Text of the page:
Has Your Business Been Terminated?
 
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How to keep the Secretary of State from terminating your business

Financial Advice

BUSINESS MANAGEMENT

Articles and research about managing and owning a business

How to keep the Secretary of State from terminating your business

Financial Advice

BUSINESS MANAGEMENT

Articles and research about managing and owning a business

Has Your Business Been Terminated?

Published December 29, 2014 | Updated January 9, 2015

by Kathy Tremmel, Business Attorney

It is possible your company’s existence has been forfeited – and you don’t even know it!

The Texas Secretary of State Office terminates entities when they fail to pay franchise taxes or file necessary reports with the Texas Comptroller’s Office. In June of 2014, the Secretary of State terminated the existence of a record number of over 65,000 corporations, limited liability companies, professional associations and limited partnerships in Texas.

Franchise taxes or No Tax Due Reports are due on May 15 of each year. If a company has not paid or filed the correct reports, the Texas Comptroller will send the company a notice that the taxes are past due and the company is delinquent. However, in many cases, the address on file with the Texas Comptroller’s Office is no longer a good address for the business. Often times, the contact person has moved or is no longer associated with the company. If the delinquency is not cured, then the Texas Comptroller will declare the company status as "Franchise Tax Involuntarily Ended" and the Texas Secretary of State will declare the company’s status as "Forfeited Existence".

Frequently, the owners of the company don’t have any idea the status of their company is no longer active. It may take years to discover there is an issue! More often than not, forfeiture of a company’s existence is discovered during some critical moment, such as the purchase or sale of the business or the filing of a lawsuit, resulting in owners and attorneys scrambling to reinstate the business entity’s privileges.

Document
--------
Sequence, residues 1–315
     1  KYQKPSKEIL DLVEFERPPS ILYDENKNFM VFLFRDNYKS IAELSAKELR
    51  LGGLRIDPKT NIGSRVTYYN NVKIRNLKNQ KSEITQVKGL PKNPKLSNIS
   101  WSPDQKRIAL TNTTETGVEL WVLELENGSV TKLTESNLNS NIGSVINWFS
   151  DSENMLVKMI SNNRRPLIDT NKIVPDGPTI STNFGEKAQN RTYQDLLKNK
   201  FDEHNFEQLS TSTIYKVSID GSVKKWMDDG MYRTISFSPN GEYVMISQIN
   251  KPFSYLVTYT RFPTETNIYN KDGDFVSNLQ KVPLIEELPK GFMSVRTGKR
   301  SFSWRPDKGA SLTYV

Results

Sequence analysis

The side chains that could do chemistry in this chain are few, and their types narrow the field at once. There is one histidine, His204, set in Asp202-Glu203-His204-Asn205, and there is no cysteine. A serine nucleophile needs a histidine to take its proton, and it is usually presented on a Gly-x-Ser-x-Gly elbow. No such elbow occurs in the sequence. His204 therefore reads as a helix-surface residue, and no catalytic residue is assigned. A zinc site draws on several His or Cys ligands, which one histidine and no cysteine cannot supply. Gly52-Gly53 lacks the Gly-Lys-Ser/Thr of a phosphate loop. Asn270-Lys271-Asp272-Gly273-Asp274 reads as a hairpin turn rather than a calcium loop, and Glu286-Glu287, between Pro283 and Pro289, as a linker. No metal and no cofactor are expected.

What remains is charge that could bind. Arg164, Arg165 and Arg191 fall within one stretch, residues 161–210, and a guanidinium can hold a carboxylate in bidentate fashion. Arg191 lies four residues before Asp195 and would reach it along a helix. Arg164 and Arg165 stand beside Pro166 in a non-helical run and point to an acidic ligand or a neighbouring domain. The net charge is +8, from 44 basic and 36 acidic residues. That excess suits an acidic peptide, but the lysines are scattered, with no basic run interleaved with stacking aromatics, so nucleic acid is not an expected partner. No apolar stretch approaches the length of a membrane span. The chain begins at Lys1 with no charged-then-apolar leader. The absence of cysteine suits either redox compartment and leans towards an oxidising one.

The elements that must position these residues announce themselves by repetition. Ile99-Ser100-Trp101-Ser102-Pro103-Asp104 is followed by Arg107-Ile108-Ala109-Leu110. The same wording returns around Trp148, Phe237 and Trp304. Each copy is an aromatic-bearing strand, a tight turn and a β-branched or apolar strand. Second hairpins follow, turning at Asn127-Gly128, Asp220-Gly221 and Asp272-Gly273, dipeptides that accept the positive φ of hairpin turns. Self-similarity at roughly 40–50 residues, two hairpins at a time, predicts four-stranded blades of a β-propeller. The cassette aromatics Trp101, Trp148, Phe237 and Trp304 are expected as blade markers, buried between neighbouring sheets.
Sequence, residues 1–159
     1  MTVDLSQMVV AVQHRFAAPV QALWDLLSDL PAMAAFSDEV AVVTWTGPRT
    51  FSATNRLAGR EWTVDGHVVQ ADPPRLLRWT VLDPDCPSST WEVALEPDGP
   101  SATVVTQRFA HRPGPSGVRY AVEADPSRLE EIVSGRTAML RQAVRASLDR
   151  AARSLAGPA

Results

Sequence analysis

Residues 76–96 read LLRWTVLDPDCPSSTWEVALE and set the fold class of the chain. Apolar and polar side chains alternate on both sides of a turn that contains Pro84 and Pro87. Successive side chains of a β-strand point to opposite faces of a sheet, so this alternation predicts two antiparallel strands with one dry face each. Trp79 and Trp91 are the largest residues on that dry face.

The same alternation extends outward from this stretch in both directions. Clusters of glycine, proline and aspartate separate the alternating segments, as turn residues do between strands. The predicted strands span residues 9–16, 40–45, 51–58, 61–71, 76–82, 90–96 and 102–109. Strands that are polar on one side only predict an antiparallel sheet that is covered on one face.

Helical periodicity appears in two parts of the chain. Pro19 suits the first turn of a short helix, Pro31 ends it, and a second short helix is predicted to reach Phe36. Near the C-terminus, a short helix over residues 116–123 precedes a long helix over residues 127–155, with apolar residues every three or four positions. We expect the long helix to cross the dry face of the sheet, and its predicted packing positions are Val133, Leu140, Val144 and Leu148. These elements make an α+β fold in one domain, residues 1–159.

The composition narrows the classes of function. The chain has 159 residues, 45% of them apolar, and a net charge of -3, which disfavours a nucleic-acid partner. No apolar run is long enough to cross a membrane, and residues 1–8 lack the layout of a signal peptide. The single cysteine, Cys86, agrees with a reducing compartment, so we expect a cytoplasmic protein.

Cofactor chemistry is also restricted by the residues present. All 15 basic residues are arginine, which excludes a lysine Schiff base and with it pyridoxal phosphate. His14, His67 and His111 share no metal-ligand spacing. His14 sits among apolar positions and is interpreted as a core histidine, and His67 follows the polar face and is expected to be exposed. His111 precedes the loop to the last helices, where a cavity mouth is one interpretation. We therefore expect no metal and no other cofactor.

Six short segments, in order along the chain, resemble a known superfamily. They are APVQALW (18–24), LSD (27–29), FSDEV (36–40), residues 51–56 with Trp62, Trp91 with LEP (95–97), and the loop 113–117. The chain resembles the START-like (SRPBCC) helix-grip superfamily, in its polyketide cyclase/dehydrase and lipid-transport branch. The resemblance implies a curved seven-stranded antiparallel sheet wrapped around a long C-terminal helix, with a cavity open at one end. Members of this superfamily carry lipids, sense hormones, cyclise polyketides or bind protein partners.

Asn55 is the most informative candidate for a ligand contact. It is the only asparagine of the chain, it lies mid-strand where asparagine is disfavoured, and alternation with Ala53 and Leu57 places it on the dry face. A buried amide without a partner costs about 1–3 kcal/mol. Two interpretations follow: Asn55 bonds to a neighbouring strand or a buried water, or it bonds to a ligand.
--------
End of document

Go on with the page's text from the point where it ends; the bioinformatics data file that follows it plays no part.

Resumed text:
4 Serious Problems Caused by Having a Company’s Existence Forfeited

  • The company does not have the right to sue or assert a counter claim in Texas courts.
  • The company’s name may no longer be available by the time the company discovers there is a problem and takes the necessary steps to reinstate the company.
  • The owners and officers are personally liable for the obligations of the company during the time the company’s status is forfeited. Even if the company is later reinstated, this personal liability cannot be retroactively removed during the time the company’s existence was forfeited.
  • The lapse in the existence of the entity can cause significant issues when the business is sold.

If you need to shut down your business, there is a proper procedure for winding up the affairs of the company and terminating its existence which should be followed.

Periodically check your company’s franchise tax account status with the Texas Comptroller to verify that it is “Active” and has the right to transact business in Texas.

Article and information is courtesy of Kathy Tremmel, Business Attorney at Tremmel Law, PLLC. Amplify Credit Union does not endorse or guarantee the perspectives, the advice, the users, the businesses, or the products or services sold by any users or businesses that appear in this article.




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